The South Korean crypto frenzy among the banking industry remains on fire, as another major bank is treading waters to offer banking services for crypto exchanges. The BNK Busan Bank launched a program that consists of visiting competitors’ banks that already offer it.
BNK Busan Is Visting Its Competitors to Conduct the Research
According to the Busan.com news outlet, the bank researches how these financial institutions deal with the crypto exchanges amid the forthcoming regulation.
As the banks provide fiat services to the crypto businesses, the legislation set to promulgate on Friday will force them to use the Information Security Management System (ISMS) certification.
That’s the reason why the Digital Strategy Department and the Money Laundering Prevention Department of BNK Busan Bank are making an in-depth investigation on how such a system works and then offering it in the future.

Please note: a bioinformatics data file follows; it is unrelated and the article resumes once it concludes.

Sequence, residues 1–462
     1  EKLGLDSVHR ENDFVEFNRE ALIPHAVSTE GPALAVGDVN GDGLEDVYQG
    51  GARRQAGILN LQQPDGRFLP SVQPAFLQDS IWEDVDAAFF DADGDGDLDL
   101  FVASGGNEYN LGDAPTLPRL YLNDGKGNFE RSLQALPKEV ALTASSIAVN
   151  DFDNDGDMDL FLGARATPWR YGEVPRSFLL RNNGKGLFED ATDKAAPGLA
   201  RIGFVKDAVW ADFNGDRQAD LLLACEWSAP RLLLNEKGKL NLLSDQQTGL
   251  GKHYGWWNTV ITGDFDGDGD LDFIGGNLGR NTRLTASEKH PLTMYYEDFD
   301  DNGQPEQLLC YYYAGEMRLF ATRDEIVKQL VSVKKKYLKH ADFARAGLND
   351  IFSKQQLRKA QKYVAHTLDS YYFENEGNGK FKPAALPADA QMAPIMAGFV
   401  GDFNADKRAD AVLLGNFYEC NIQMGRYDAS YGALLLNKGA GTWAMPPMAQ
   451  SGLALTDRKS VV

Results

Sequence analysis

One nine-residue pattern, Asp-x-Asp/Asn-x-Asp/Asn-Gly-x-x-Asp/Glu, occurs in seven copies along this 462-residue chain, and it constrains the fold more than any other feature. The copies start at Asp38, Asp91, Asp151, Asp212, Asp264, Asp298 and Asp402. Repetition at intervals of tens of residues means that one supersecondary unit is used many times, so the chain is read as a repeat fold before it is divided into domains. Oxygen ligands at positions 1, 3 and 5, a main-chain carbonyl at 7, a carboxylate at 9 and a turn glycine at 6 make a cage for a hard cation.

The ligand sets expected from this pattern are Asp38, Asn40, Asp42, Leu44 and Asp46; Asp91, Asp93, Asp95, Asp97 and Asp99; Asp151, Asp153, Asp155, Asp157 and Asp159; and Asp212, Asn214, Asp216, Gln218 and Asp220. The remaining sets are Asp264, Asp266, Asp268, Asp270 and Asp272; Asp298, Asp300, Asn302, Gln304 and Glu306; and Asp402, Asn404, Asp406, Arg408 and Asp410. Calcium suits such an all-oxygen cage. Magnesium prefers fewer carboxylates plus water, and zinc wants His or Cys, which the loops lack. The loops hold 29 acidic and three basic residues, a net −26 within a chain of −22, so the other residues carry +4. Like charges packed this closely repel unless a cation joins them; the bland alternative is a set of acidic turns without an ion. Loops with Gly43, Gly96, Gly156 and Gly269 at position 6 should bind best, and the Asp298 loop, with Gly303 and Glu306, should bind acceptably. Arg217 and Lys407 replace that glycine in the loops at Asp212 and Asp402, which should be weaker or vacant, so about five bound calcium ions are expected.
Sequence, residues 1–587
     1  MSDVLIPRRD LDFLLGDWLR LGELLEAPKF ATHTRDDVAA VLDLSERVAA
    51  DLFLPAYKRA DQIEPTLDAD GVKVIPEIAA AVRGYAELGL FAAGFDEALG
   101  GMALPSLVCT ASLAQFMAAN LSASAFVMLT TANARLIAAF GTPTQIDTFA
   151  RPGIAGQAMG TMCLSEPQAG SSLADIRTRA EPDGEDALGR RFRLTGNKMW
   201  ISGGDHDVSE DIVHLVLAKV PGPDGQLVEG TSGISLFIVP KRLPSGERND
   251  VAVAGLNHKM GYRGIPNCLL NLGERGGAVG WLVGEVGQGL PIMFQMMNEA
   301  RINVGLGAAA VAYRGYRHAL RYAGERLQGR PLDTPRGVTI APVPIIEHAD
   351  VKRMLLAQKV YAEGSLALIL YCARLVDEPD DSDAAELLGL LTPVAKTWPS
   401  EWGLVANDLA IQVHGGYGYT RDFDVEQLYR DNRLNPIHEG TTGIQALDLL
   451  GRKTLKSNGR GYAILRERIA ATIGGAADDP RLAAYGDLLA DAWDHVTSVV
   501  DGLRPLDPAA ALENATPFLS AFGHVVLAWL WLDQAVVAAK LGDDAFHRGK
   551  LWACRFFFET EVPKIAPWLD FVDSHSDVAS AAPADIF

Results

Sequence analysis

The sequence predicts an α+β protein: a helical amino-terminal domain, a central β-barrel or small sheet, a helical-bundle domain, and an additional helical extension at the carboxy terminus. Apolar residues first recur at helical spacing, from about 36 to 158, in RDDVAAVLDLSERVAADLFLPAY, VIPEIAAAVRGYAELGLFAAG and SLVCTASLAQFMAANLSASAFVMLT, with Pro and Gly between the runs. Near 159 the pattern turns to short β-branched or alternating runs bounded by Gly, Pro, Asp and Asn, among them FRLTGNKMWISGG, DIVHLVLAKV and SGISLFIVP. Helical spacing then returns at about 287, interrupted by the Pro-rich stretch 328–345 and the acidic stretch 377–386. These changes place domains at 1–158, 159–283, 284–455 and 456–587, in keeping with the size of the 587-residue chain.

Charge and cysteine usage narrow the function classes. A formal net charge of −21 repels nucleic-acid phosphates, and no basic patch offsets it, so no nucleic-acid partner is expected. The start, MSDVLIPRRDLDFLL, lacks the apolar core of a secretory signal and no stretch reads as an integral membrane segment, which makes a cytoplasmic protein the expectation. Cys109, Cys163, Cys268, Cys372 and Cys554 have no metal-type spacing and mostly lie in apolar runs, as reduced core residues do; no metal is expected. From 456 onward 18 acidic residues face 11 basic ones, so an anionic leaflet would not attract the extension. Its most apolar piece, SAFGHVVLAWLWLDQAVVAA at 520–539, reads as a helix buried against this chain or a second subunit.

Domestic crypto exchanges will be required to gather real names and social security numbers from their clients through the ISMS system already provided by the major South Korean banks.
Exchanges like Bithumb already have arrangements with the NH Nonghyup Bank for implementing such a system. Also, other domestic companies such as Coinone, Upbit, and Kobit already closed deals with South Korean banks to comply with the legislation.
The local media outlet added that the BNK Busan Bank is considering offering its crypto services, if plans go successfully, to small and medium-sized exchanges such as Copax and Gdac.
Struggles for Small and Mid-Sized Domestic Exchanges to Comply With the Legislation
However, there has been a broad discussion across the industry about the difficulties of implementing the ISMS system. As Bitcoin.com newsdesk reported on January 20, 2021, Heo Baek-young, Bithumb’s CEO, made an apocalyptic forecast for the local crypto firms.
He believes that smaller companies could “struggle” to meet the ISMS certification requirements. In fact, the executive believes there will only be between four and seven exchanges surviving the new regulation.
Heo’s words go in line with the complaints of the higher costs the ISMS certification compliance carries for the small and mid-sized exchanges.